United States v. Goelet, 232 U.S. 293, 298. Congress omitted from § 304 any condemnation for which the presumed punishment was a sanction. Thereby, it negatived the essential notion of a bill of attainder. It may be said that such a view of a bill of attainder offers Congress too easy a mode of evading the prohibition of the Constitution. Congress need merely omit its ground of condemnation, and legislate the penalty! But the prohibition against a "Bill of Attainder" is only one of the safeguards of liberty in the arsenal of the Constitution. There are other provisions in the Constitution, specific and comprehensive, effectively designed to assure the liberties of our citizens. The restrictive function of this clause against bills of attainder was to take from the legislature a judicial function which the legislature once possessed. If Congress adopted, as it did, a form of statute so lacking in any pretension to the very quality which gave a bill of attainder its significance, that of a declaration of guilt under circumstances which made its determination grossly unfair, it simply passed an act which this Court ought not to denounce as a bill of attainder. And not the less so because Congress may have been conscious of the limitations which the Constitution has placed upon it against passing bills of attainder. If Congress chooses to say that men shall not be paid, or even that they shall be removed from their jobs, we cannot decide that Congress also said that they are guilty of an offense. And particularly we cannot so decide as a necessary assumption for declaring an act of Congress invalid. Congress has not legislated that which is attributed to it, for the simple fact is that Congress has said nothing. The words Congress used are not susceptible of being read as a legislative verdict of guilt against the respondents, no matter what dictionary, or what form of argumentation, we use as aids.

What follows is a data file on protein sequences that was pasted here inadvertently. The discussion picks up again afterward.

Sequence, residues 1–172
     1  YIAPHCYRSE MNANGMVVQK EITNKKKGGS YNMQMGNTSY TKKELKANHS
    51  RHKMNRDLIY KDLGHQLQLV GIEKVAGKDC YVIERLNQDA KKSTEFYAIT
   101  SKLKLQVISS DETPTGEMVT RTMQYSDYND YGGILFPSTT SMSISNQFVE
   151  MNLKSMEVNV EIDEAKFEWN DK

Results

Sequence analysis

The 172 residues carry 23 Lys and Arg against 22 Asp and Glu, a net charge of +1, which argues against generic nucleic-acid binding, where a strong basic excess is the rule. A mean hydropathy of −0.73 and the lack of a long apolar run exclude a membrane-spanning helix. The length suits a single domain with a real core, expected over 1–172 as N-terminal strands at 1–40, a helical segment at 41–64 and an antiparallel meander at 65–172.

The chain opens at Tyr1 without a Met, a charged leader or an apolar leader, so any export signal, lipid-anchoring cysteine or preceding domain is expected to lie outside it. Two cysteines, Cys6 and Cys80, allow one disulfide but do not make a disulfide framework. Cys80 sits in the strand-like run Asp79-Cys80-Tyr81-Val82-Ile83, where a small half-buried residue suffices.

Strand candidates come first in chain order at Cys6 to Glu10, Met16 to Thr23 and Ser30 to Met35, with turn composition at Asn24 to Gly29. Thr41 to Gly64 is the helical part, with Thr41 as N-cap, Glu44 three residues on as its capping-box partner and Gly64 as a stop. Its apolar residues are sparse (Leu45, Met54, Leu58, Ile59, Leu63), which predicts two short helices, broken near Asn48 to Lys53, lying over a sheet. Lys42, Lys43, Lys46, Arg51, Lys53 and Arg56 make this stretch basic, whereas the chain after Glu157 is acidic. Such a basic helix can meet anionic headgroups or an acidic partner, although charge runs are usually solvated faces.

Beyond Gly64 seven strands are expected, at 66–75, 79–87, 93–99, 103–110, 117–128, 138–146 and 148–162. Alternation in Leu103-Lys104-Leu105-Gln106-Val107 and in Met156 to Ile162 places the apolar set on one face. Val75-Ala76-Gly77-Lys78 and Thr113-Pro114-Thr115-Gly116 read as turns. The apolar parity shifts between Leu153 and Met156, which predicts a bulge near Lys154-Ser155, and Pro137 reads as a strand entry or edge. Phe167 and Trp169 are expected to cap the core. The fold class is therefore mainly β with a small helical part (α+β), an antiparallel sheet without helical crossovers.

This analysis accords with our prior course of decision. In Cummins v. Missouri, supra, and Ex parte Garland, 4 Wall. 333, the Court dealt with legislation of very different scope and significance from that now before us. While the provisions involved in those cases did not condemn or punish specific persons by name, they proscribed all guilty of designated offenses. Refusal to take a prescribed oath operated as an admission of guilt, and automatically resulted in the disqualifying punishment. Avoidance of legislative proscription for guilt under the provisions in the Cummins and Garland cases required positive exculpation. That the persons legislatively punished were not named was a mere detail of identification. Congress and the Missouri legislature, respectively, had provided the most effective method for insuring identification. These enactments followed the example of English bills of attainder which condemned a named person and "his adherents." Section 304 presents a situation wholly outside the ingredients of the enactments that furnished the basis for the Cummins and Garland decisions.{2}

While § 304 is not a bill of attainder, as the gloss of history defines that phrase in the Constitution, acceptance of the Court’s reading of § 304 would raise other serious constitutional questions. The first in magnitude and difficulty derives from the constitutional distribution of power over removal. For about a century, this Court astutely avoided adjudication of the power of control as between Congress and the Executive of those serving in the Executive branch of the Government "until it should be inevitably presented." Myers v. United States, 272 U.S. 52, 173. The Court then gave the fullest consideration to the problem. The case was twice argued, and was under consideration for nearly three years. So far as the issues could be foreseen, they were elaborately dealt with in opinions aggregating nearly two hundred pages. Within less than a decade, an opinion of fifteen pages largely qualified what the Myers case had apparently so voluminously settled. Humphrey’s Executor v. United States, 295 U.S. 602. This experience serves as a powerful reminder of the Court’s duty so to deal with Congressional enactments as to avoid their invalidation unless a road to any other decision is barred.